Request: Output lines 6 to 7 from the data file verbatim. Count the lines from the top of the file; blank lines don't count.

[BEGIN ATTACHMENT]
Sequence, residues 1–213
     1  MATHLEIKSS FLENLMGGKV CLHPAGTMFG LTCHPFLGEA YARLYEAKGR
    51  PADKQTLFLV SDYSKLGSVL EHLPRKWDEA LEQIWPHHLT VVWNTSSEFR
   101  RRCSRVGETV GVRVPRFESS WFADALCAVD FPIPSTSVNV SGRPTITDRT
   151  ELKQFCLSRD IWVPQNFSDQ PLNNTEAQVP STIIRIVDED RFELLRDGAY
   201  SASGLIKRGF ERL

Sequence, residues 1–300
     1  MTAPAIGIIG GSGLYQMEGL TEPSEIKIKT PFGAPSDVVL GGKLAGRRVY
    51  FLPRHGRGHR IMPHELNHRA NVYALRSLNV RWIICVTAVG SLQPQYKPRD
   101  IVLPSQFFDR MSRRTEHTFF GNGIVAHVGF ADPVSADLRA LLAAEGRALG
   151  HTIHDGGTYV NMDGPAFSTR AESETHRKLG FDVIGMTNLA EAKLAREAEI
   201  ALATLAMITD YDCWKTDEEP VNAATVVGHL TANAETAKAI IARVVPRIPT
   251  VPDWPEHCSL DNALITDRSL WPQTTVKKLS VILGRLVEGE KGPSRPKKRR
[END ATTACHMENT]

   201  SASGLIKRGF ERL

Sequence, residues 1–300